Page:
RZA of Wu-Tang Clan Has a Beef With Meat


RZA, the leader of the groundbreaking hip-hop collective Wu-Tang Clan, is a producer, rapper, writer, director, film scorer and actor. He is also a promoter of a meatless lifestyle.

The 54-year-old creator gave up red meat in the mid-1990s, followed by chicken, fish, and eventually dairy and eggs. He has since worked with People for the Ethical Treatment of Animals, started a vegan clothing line and appeared in a surreal video series with other Wu-Tang members to promote White Castle’s meatless Impossible Sliders.

In a recent interview, RZA, whose real name is Robert Fitzgerald Diggs, talked about why he went vegan, cultural links between masculinity and meat and how going meatless just a few days a week would help the planet. Here are excerpts from that conversation, edited and condensed for clarity.

There’s increased awareness these days about the environmental harms of meat consumption, particularly beef, along with health concerns. Why did you stop eating it?

For me, it was consciousness. It was just the awareness of life itself. It became almost illogical, almost unethical. Why does the animal have to die for me to live? And then learning that our digestive system really has a hard time digesting red meat. As I became more conscious, it started to make less and less and then no sense to eat a dead bird. To even eat a dead fish.

What about dairy?

Eggs and milk and cheese were the last things to go from my diet. There were multiple reasons. And it was tough. The animal is not dying. It’s the animals being useful. Look, I’m a New Yorker. There’s nothing like the New York slice of pizza. But I realized how much mucus was building up in my own body. And the process of the milk we are consuming is so chemically infused. Even with pasteurization, there’s still other elements of bacteria that are getting into our systems. Eggs was another tough one. But eggs are so porous, and they hit them with chemicals. And there’s mistreatment of those animals. So now you’re consuming that trauma.

Some say that it’s natural for humans to eat meat, that we ended up with bigger brains because of it.

We’ve been taught a lot of myths. Back in my meat-eating days, man, I could knock out 20 chicken wings. I could knock out easily three pieces of steak. At the end of the day, it definitely had an effect on my personality. I was definitely more aggressive, and more aggressive without purpose. We have a country that had to build soldiers and factory workers. We had to make sure that our population was growing and being strong with what we had. I think meat is necessary during war times. But now in our own world, the necessity of hunting has been removed and diminished. I feel evolved, and the proof of it to me is my children who grew up, the majority of their lives, not never having no red meat, no chicken, a couple did pescetarianism. They’re healthy, very intelligent, very talented young people.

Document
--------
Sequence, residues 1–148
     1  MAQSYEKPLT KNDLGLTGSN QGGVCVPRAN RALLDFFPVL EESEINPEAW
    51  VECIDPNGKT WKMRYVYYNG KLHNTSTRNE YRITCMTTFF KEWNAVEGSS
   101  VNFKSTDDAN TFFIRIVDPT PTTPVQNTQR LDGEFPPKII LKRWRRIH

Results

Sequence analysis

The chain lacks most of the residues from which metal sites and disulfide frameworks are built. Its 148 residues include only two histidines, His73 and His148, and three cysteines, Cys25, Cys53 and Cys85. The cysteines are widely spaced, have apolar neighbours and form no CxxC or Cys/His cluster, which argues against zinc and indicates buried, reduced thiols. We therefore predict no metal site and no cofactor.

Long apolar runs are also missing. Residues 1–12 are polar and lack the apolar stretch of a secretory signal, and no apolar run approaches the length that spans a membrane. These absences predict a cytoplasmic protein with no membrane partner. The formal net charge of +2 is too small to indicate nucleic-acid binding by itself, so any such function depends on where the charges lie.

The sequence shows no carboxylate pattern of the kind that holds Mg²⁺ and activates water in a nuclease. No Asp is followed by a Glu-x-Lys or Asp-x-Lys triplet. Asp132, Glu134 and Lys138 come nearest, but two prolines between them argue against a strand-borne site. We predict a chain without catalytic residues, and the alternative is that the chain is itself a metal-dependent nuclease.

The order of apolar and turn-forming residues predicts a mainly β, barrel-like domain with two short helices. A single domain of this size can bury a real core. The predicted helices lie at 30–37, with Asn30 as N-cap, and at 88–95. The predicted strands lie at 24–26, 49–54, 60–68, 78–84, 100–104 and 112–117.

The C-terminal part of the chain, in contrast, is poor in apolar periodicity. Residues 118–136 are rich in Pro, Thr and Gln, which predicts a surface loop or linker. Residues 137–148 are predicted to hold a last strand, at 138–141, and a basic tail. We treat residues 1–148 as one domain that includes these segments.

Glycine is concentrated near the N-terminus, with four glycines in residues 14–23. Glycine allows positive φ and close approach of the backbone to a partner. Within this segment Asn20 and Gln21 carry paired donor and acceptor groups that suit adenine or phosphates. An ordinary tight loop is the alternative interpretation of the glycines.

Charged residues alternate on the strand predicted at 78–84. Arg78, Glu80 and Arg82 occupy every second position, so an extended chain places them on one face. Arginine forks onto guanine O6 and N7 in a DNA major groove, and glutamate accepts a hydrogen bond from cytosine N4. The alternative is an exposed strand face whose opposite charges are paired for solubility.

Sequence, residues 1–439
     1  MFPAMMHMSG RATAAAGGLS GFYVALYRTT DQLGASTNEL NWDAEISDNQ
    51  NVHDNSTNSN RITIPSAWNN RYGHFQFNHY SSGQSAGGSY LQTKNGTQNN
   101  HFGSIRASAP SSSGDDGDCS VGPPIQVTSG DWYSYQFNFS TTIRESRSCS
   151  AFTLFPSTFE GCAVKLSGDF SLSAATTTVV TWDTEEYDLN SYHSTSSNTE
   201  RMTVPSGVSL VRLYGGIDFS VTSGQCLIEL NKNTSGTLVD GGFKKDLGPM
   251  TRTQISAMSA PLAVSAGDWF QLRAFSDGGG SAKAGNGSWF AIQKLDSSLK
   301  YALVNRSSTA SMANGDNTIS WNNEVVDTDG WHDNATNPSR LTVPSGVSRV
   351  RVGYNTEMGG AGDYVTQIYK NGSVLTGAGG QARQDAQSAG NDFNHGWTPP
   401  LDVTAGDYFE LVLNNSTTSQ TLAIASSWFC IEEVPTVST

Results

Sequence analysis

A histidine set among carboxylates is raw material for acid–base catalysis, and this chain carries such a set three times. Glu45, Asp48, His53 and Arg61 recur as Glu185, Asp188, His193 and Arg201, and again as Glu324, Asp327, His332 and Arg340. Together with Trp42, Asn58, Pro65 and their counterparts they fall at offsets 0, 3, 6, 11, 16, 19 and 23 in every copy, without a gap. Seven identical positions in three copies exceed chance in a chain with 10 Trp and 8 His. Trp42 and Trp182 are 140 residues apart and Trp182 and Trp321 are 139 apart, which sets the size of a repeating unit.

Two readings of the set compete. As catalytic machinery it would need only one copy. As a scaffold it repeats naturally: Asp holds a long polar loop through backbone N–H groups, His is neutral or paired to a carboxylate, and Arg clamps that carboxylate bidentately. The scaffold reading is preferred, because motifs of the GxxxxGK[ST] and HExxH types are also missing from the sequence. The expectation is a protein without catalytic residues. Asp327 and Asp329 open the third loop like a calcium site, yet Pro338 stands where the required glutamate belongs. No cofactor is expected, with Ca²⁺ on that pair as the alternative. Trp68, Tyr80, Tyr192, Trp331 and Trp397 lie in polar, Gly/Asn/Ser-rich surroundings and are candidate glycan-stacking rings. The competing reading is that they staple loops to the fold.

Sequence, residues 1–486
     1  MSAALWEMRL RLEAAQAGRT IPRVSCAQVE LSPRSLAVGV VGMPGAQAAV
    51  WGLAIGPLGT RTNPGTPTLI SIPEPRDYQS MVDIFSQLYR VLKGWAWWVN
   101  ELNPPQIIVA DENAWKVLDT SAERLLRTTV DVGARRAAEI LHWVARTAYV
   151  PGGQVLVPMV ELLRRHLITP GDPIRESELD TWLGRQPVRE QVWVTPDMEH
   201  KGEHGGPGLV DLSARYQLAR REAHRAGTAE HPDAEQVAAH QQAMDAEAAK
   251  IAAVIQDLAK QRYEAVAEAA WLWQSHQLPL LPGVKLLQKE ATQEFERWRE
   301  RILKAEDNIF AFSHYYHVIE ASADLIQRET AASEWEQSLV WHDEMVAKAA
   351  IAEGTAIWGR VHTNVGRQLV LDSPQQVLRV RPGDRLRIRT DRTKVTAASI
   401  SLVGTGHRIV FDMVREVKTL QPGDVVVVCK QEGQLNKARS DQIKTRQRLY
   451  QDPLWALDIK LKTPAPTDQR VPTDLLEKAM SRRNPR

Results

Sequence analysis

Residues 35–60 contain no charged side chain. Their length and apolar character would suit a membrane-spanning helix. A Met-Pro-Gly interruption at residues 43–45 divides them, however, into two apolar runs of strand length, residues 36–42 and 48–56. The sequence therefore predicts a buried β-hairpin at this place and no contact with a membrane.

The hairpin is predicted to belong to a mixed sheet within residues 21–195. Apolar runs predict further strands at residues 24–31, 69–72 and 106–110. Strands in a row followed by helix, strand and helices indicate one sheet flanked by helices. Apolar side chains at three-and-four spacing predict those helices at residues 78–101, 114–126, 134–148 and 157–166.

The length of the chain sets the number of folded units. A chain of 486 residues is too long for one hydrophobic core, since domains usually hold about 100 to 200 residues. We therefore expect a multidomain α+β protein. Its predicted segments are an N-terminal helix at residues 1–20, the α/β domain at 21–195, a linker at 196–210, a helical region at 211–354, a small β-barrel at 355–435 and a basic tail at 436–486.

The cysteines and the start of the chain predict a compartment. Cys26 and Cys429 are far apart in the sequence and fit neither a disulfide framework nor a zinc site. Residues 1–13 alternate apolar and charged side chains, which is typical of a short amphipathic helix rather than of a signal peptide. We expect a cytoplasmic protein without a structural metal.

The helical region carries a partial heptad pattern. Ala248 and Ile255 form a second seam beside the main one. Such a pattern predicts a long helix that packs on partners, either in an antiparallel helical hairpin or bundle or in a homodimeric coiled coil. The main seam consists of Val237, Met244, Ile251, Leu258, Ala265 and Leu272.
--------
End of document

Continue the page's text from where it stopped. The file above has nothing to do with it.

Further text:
Why do you think there’s an association between meat and masculinity?

There was a generation that grew up with bodybuilding. When you’re a bodybuilder, you need a lot of protein. The assumption was that the strongest source of protein is going to come from the animal. It has been propagated through culture, propagated through films. We didn’t know in the ’80s that there was another way.

Does the impact of climate change factor into your thinking about food?

Well, now, yes. The data is out that we’re destroying our own atmosphere just for the pleasure, not the necessity. Meat and beef and all these burgers are pleasure food, and we’d rather destroy our environment for our pleasure, and it’s foolish of us. We’ve got to snap out of our tendency to fulfill our immediate pleasure and sacrifice our long-term gains.

A larger percentage of Black people identify as vegan compared with the rest of the population. Do you have thoughts as to why?

For the Black community, health has been a struggle, from obesity, high blood pressure, diabetes, all these different things that have plagued our community for some years. I think as generations kept growing, you start seeing us drop certain things.

What would you say to somebody who is concerned about the environment and thinking about cutting down on meat, but who is worried about what life is like without it?

Start with one day a week at least. Moderate yourself. I didn’t go cold turkey. It took me years to get to veganism. I started with giving up red meat. Then chicken, then fish, then eggs and cheese. You don’t have to rush yourself into that. Let your natural body speak for you. But if you’re thinking about helping all of us, helping the world, at least knock out a couple of days a week.

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